The answer that OpenBiome, and researchers from institutions like the Mayo Clinic, have come up with may not seem your standard treatment regimen. But it works.
Each year, more than 500,000 people in the U.S. contract C. difficile, explains OpenBiome on its website. That’s because, “[In] a healthy gut community, C. difficile is out-competed by the hundreds of strains of bacteria that are normally present.” But with antibiotic therapy for, say, a tooth infection, that bacteria is often killed off. The result is an opportunistic environment where C. difficile can not only live — but really thrive.
“However, in hundreds of treatments in many independent institutions, fecal transplantation, which reconstitutes the healthy gut community, has been shown to cure over 90 percent of the most recalcitrant C. difficile cases,” says OpenBiome.
Yes, you read that right. Fecal microbiota transplantation, or FMT, is the magic potion that’s been shown to cure C. difficile, largely by replacing the much-needed friendly bacteria that has been killed off by routine antibiotics.
Years ago, I had a part-time job working in the back office of a Florida engineering firm that handled foundation restoration claims. Its commercial success was not only evidence of Tampa’s burgeoning population, but also the growing number of sinkholes that were beginning to appear across West Florida’s “Sinkhole Alley” at the center of the state.
Maybe it’s just the approach that’s missing.
Just recently, the Obama administration reached out to Walt Disney Co. with a simple request — or so it probably seemed to Rear Adm. Robert Papp, the administration’s special representative for the Arctic and former commander of the U.S. Coast Guard.
As Papp recounted at an Arctic Frontiers Conference in Tromsø, Norway this January, his mission was to ask the 92-year-old company if the Obama administration could use Disney’s new blockbuster, “Frozen,” to teach kids about climate change.
The CEO of one of the world’s largest clothing retailers thinks that we will be heading the wrong way if we reduce consumption to ward off climate change.
Karl-Johan Persson, who runs the Swedish multinational Hennes & Mauritz (H&M), suggested in an interview with the Guardian that, “If we were to decrease 10 percent to 20 percent of everything we don’t need, the result on the social and economic side would be catastrophic…” Cutting back precipitously would increase worldwide unemployment and poverty, he argued. The challenge, said Persson, is “doing it in a way where you still can have economic growth and jobs creation, while finding the innovations that can limit the damage to the environment.”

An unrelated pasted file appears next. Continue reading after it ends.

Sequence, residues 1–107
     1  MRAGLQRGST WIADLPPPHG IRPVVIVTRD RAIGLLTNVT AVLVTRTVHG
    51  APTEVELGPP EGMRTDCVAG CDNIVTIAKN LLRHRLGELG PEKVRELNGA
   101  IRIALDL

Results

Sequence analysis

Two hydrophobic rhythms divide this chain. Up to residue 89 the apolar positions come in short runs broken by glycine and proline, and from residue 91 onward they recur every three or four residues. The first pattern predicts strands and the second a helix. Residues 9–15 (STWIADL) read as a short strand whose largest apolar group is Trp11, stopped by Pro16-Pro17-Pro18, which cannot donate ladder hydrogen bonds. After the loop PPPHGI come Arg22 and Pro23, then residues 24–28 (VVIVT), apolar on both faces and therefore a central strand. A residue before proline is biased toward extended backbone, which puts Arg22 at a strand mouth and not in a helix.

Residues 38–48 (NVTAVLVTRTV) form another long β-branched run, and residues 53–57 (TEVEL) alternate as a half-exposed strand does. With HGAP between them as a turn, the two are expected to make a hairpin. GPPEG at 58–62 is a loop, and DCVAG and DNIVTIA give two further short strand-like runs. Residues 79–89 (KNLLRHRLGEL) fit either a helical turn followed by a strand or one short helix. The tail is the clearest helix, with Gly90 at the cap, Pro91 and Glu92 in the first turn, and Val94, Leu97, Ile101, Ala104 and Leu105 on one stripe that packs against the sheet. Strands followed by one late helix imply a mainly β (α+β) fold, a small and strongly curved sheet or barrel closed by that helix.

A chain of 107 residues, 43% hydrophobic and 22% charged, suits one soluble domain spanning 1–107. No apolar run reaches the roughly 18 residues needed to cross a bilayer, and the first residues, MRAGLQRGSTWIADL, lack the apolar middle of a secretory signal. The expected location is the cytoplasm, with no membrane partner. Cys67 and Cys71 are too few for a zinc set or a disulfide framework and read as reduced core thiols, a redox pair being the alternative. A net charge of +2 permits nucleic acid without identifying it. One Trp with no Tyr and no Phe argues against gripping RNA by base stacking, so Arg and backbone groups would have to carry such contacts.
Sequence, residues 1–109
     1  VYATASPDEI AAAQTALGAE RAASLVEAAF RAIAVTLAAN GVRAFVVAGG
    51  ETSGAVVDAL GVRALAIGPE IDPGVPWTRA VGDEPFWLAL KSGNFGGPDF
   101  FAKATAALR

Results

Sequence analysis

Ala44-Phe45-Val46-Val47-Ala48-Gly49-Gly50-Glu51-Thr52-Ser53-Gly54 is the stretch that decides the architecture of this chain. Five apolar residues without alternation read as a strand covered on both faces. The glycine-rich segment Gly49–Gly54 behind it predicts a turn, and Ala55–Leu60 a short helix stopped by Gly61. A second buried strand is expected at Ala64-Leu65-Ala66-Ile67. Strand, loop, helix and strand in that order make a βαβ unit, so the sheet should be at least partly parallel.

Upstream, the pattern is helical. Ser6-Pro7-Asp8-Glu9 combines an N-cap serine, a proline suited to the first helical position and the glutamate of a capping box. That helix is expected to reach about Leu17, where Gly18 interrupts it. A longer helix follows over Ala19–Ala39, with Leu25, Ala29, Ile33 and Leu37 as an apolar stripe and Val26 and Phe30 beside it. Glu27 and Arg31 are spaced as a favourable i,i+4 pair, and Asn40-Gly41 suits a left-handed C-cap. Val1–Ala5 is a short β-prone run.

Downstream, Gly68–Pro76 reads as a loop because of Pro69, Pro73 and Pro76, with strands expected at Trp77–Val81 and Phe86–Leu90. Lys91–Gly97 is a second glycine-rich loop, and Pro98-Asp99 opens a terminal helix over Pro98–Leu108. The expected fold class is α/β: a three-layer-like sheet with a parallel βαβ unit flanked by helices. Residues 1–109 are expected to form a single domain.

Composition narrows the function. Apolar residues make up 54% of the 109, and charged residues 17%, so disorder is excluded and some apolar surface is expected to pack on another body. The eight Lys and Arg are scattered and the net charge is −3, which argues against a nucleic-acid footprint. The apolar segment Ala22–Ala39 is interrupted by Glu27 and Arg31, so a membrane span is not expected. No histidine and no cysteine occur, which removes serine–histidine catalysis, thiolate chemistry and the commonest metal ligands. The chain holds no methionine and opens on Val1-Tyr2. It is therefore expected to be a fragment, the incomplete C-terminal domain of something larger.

Should states be able to set their own parameters for how energy is purchased and produced within their borders?
That question is at the heart of a judicial appeal that was filed by the state of Minnesota recently, concerning the outcome of the state of North Dakota’s challenge to its Next Generation Energy Act (Energy Act).
Minnesota’s carbon offset provision
Last April, the U.S. District Court for the District of Minnesota struck down a provision in Minnesota’s Energy Act requiring new power plants that purchase coal-generated power to demonstrate carbon offsets. The state law was designed to complement Minnesota’s clean energy goals.
The court ruled that the state law essentially conflicted with the commerce clause of the Constitution of the United States, which regulates interstate commerce.
“Over the years,” says the executive director of the Minnesota Center for Environmental Advocacy, Scott Strand, “the courts have interpreted (the powers of the commerce clause) as not only a grant of authority to Congress, but (as) taking away some of the authority of the states.”
The pledge to accelerate women’s leadership, which was developed by the OIWC, was unveiled by REI CEO Jerry Stritzke last week at the Outdoor Retailer Show in Salt Lake City. REI, along with other big-name signatories like Patagonia and The North Face, hope the pledge will “drive change across the industry.”
A prison in Cardiff, Wales, offered an awkward challenge to the city’s 900 or so restaurants recently when its prisoner-staffed diner was named the best restaurant in the city.
The Clink Cymru restaurant, located in Wales’ capital and largest city, outpaced 3- and 4-star classic Cardiff venues like Jamie’s Italian, the Potted Pig and the Mint and Mustard for the top score as locals’ favorite eatery. Voters weighed in on TripAdvisor, and the results of the 395 votes were picked up by the South Wales Evening Post.
Framing the perfectly sustainable company has always been a challenge, but never one that Toronto-based Corporate Knights has shied away from. The well-known media and financial products company released its eighth annual tally of the top 100 multi-billion-dollar companies this week. And there was no better place to announce the findings than the World Economic Forum, in Davos, Switzerland.
It’s a heady list of who’s-who from every corner of the industrialized world. The U.S., which was represented by 20 companies, took the lion’s share of kudos.